Little is known about the life of Gerhard Dorn except that he was born, in Mechelen in modern-day Belgium, around 1530, and began publishing books in the early 1560s. His writings strongly support the influence of Paracelsus, and as an editor and translator Dorn served as a conduit for the publication of Paracelsian and pseudo-Paracelsian medical and alchemical works throughout his lifetime. This short tract separated Dorn’s overview of the chemistry into theoretical—on natural and artificial generation and corruption—and practical questions, and also included woodcut diagrams of laboratory equipment and techniques.
Aside from some small portions of the praxis section, the work is not heavily annotated by Dee but, a note on the title page suggests why this work might have caught his attention. He states that Dorn has used the hieroglyphic monad, Dee’s symbol for the unity of the cosmos, as his basis for drawing the symbols in the Chymisticum artificium natura. The symbol was the subject of a short explication that Dee published in 1564, and Dee speculates that this must have been Dorn’s source for the work, done apparently without Dee’s knowledge or consent.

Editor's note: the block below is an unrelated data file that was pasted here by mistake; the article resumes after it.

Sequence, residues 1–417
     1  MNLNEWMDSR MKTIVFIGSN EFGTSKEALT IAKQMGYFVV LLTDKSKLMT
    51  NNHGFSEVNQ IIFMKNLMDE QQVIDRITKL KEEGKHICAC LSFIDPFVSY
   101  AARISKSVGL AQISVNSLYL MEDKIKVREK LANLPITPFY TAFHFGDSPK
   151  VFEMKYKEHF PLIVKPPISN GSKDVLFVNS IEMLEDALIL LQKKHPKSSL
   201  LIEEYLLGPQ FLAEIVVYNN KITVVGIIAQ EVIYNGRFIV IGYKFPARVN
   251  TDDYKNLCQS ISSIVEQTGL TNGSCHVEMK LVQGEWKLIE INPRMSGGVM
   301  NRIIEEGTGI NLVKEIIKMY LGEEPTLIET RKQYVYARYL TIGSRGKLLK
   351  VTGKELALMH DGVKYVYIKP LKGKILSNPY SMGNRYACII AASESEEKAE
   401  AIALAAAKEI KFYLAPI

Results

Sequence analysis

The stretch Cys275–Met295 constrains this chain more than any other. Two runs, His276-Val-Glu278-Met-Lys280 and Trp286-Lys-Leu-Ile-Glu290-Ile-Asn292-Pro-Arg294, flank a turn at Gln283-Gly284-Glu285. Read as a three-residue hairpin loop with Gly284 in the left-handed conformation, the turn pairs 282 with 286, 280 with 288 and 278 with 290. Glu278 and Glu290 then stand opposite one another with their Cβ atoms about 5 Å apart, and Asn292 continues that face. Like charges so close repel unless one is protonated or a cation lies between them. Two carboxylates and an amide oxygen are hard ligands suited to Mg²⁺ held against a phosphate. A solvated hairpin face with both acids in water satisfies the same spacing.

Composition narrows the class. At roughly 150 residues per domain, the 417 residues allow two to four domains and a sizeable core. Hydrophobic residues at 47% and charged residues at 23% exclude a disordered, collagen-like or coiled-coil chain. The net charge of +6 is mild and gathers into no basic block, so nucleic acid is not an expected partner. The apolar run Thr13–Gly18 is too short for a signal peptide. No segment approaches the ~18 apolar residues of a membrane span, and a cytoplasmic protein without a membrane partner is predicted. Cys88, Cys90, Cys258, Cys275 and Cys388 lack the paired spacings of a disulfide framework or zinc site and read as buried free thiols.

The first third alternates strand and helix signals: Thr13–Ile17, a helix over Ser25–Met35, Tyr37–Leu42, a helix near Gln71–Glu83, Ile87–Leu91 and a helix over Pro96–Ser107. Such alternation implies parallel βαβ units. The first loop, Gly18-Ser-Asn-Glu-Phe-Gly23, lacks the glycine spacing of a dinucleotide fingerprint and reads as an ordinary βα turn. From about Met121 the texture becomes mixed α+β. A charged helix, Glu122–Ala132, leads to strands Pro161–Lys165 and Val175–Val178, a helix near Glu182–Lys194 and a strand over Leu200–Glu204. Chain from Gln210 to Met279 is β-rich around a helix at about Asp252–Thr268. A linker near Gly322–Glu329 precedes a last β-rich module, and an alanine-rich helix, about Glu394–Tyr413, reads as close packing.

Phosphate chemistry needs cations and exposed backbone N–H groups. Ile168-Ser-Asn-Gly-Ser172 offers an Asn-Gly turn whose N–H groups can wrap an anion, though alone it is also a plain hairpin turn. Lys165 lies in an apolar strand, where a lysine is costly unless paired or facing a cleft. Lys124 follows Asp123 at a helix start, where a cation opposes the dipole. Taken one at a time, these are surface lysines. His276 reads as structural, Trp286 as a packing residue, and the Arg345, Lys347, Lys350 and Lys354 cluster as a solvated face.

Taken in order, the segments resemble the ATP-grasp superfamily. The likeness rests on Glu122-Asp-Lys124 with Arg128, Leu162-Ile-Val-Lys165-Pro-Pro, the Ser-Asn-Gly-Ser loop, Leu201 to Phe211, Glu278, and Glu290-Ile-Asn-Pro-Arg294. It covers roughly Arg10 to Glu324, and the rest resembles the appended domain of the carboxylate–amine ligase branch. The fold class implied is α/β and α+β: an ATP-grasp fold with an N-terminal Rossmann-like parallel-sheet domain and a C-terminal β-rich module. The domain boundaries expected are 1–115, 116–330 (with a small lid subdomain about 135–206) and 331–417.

The monad also provides a link to a later owner, John Winthrop, Jr., who was active in the government of both the Massachusetts Bay and Connecticut colonies, and adopted the device as his personal symbol. Winthrop inherited this and Dee’s Paracelsian books from his father Adam, and an inscription in his hand on the flyleaves of both the Baderbuchlin and the Buch meteororum (both viewable in AOR) state that Dr. Dee’s notes make the copies more valuable. Winthrop’s early pursuits suggest why these particular volumes may have held his interest. In addition to his civic activities, he was a traveling physician, a practicing chemist, and an avid astronomer.
See N. Clulee, “The Monas Hieroglyphica and the Alchemical Thread of John Dee’s Career,” AMBIX 52 (2005): 197-215; R. Calis et al., “Passing the Book: Cultures of Reading in the Winthrop Family, 1580-1730,” Past & Present 241 (2018): 69-141.
― Neil Weijer